Protection from Radiation-Induced Pulmonary Fibrosis by Peripheral Targeting of Cannabinoid Receptor-1.

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“Radiation-induced pulmonary fibrosis (RIF) is a severe complication of thoracic radiotherapy that limits its dose, intensity, and duration. The contribution of the endocannabinoid signaling system in pulmonary fibrogenesis is not known. Using a well-established mouse model of RIF, we assessed the involvement of cannabinoid receptor-1 (CB1) in the onset and progression of pulmonary fibrosis.

Our results show that CB1 signaling plays a key pathological role in the development of radiation-induced pulmonary inflammation and fibrosis, and peripherally restricted CB1 antagonists may represent a novel therapeutic approach against this devastating complication of radiotherapy/irradiation.”

http://www.ncbi.nlm.nih.gov/pubmed/26426981

“We report for the first time the involvement of cannabinoid receptor 1 (CB1)-mediated signaling in the onset and progression of radiation-induced pulmonary fibrosis (RIF). We were able to delay the onset of RIF by genetic targeting of CB1 receptors as well as by its pharmacological inhibition. Thus, pharmacological targeting of CB1 receptors with peripherally restricted CB1 antagonists void of central nervous system complications may represent a novel strategy to prevent the development of RIF.

In summary, we provide the first evidence on the key pathological role of CB1 signaling in radiation-induced pulmonary fibrogenesis and show that peripherally restricted CB1 antagonists may represent a novel therapeutic approach against this devastating and untreatable complication of radiotherapy/irradiation. Our results also suggest that targeting CB1 may provide benefits in other lung diseases associated with inflammation and fibrosis.”

http://www.atsjournals.org/doi/10.1165/rcmb.2014-0331OC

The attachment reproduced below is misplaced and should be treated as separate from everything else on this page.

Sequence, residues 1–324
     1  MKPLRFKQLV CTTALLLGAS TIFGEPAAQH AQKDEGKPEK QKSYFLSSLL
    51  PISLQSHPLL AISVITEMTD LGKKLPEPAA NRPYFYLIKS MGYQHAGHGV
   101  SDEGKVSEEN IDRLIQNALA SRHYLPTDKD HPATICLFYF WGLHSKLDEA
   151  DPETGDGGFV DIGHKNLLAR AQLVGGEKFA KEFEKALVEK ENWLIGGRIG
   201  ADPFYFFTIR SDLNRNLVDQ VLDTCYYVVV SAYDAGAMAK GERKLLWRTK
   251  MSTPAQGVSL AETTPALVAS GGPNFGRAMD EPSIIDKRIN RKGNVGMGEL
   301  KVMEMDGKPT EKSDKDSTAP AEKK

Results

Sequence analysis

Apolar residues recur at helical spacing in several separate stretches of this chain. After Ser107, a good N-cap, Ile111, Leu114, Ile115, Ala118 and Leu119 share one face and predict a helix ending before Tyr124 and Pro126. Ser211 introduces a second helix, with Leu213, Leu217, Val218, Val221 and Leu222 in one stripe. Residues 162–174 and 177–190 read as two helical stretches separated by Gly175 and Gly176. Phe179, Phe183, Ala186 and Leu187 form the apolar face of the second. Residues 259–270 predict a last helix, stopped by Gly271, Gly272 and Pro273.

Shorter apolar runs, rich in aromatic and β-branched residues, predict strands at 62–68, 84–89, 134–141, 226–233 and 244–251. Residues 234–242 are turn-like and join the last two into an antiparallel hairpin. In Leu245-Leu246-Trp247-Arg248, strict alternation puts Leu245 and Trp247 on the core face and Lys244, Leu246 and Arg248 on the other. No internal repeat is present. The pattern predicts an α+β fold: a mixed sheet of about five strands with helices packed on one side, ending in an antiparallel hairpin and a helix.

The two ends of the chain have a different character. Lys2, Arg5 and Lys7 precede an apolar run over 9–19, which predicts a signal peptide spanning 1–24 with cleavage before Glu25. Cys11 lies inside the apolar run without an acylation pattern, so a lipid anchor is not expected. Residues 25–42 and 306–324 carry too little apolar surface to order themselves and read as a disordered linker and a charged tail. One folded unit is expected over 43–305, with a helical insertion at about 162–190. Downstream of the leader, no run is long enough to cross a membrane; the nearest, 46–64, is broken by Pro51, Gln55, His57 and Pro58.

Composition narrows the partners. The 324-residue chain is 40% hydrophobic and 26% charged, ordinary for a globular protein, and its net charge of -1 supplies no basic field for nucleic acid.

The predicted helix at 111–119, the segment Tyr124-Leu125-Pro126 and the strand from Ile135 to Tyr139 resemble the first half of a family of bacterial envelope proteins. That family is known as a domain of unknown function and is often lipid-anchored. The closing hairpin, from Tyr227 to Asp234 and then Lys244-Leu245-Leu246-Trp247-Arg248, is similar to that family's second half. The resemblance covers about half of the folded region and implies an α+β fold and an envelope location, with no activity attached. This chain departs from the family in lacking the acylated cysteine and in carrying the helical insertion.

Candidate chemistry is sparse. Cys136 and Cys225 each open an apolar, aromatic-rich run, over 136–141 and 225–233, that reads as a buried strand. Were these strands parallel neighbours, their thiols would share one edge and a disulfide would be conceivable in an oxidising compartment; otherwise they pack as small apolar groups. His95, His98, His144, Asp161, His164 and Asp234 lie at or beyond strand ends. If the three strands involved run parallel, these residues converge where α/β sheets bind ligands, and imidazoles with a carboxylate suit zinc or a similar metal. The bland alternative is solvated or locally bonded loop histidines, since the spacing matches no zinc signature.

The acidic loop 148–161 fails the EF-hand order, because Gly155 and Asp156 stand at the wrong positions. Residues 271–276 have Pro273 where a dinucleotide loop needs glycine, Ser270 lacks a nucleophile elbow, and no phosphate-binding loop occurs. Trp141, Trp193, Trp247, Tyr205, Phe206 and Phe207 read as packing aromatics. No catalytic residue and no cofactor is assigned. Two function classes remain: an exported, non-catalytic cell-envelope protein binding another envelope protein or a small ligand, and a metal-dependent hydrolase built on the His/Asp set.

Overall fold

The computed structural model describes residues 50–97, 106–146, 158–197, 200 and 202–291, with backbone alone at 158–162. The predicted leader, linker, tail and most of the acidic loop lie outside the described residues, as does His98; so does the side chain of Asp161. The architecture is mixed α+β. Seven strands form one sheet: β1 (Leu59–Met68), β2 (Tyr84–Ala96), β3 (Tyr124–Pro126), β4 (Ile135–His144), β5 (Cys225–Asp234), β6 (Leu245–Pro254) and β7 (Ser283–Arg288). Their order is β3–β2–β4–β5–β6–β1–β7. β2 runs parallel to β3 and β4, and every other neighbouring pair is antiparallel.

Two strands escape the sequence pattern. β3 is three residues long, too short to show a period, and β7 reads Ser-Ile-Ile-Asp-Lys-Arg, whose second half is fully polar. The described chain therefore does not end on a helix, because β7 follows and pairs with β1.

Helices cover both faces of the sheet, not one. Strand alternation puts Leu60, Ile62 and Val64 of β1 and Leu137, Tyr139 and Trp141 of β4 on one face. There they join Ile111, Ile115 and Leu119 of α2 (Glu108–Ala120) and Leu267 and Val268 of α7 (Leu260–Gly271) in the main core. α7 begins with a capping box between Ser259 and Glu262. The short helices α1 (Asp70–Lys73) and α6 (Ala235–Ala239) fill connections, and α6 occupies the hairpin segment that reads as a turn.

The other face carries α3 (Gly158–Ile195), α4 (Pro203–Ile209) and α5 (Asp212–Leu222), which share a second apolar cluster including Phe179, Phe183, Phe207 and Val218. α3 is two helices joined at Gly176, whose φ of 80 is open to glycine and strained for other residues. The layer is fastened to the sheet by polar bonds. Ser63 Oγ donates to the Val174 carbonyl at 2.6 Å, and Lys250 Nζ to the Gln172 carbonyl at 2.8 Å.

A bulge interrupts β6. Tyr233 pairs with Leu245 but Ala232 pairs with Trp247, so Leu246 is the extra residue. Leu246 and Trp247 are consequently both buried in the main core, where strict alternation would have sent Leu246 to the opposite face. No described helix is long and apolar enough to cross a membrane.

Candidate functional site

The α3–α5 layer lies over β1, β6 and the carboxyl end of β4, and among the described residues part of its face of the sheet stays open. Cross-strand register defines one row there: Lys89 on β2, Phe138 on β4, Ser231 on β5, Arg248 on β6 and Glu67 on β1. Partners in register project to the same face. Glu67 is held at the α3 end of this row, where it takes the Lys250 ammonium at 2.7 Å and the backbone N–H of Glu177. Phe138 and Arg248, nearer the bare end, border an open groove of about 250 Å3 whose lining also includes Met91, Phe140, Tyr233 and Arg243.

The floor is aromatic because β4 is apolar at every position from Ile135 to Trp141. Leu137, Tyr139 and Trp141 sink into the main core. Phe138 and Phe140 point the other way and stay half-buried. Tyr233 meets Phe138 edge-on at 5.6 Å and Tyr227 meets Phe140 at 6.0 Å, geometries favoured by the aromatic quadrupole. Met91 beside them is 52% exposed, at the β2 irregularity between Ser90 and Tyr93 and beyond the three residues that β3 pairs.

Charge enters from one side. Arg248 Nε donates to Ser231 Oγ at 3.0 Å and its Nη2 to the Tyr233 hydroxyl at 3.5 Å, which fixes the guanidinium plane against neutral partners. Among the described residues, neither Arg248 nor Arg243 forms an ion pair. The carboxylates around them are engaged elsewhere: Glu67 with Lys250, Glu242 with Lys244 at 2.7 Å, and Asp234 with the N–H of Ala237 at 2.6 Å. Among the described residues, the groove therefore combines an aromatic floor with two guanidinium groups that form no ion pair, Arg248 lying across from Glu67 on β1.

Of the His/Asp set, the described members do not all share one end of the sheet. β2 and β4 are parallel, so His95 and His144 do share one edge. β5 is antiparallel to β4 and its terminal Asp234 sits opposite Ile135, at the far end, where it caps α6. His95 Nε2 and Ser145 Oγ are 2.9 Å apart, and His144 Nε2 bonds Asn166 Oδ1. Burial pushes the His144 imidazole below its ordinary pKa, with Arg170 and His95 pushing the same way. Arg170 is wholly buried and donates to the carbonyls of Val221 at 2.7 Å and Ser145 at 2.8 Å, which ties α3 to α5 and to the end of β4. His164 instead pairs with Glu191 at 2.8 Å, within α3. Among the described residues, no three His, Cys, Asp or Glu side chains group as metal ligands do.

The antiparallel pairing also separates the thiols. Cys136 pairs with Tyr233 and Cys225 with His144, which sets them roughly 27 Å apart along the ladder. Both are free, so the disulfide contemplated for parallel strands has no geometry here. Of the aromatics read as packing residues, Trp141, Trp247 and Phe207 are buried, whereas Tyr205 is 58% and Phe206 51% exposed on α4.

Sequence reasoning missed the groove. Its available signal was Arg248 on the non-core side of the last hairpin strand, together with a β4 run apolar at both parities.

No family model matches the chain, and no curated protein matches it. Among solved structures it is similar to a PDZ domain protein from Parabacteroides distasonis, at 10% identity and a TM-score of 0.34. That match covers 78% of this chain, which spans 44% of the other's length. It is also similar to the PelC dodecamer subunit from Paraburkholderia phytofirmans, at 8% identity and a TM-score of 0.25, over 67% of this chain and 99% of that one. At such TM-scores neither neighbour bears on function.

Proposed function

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The endocannabinoid system and its therapeutic exploitation.

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“The term ‘endocannabinoid’ – originally coined in the mid-1990s after the discovery of membrane receptors for the psychoactive principle in Cannabis, Delta9-tetrahydrocannabinol and their endogenous ligands – now indicates a whole signalling system that comprises cannabinoid receptors, endogenous ligands and enzymes for ligand biosynthesis and inactivation. This system seems to be involved in an ever-increasing number of pathological conditions. With novel products already being aimed at the pharmaceutical market little more than a decade since the discovery of cannabinoid receptors, the endocannabinoid system seems to hold even more promise for the future development of therapeutic drugs. We explore the conditions under which the potential of targeting the endocannabinoid system might be realized in the years to come.”  http://www.ncbi.nlm.nih.gov/pubmed/15340387

http://www.nature.com/nrd/journal/v3/n9/full/nrd1495.html

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Synthetic cannabinoid ajulemic acid exerts potent antifibrotic effects in experimental models of systemic sclerosis.

BMJ Journals

“Cannabinoids modulate fibrogenesis in scleroderma.

Ajulemic acid (AjA) is a non-psychoactive synthetic analogue of tetrahydrocannabinol that can bind the peroxisome proliferator-activated receptor-γ (PPAR-γ). Recent evidence suggests a key role for PPAR-γ in fibrogenesis. To determine whether AjA can modulate fibrogenesis in murine models of scleroderma.”

“RESULTS:

AjA significantly prevented experimental bleomycin-induced dermal fibrosis and modestly reduced its progression when started 3 weeks into the disease. AjA strongly reduced collagen neosynthesis by scleroderma fibroblasts in vitro, an action which was reversed completely by co-treatment with a selective PPAR-γ antagonist.”

“CONCLUSIONS:

AjA prevents progression of fibrosis in vivo and inhibits fibrogenesis in vitro by stimulating PPAR-γ signalling. Since therapeutic doses of AjA are well tolerated in humans, it is suggested that AjA as an interesting molecule targeting fibrosis in patients with scleroderma.”

http://www.ncbi.nlm.nih.gov/pubmed/22492781

http://ard.bmj.com/content/71/9/1545

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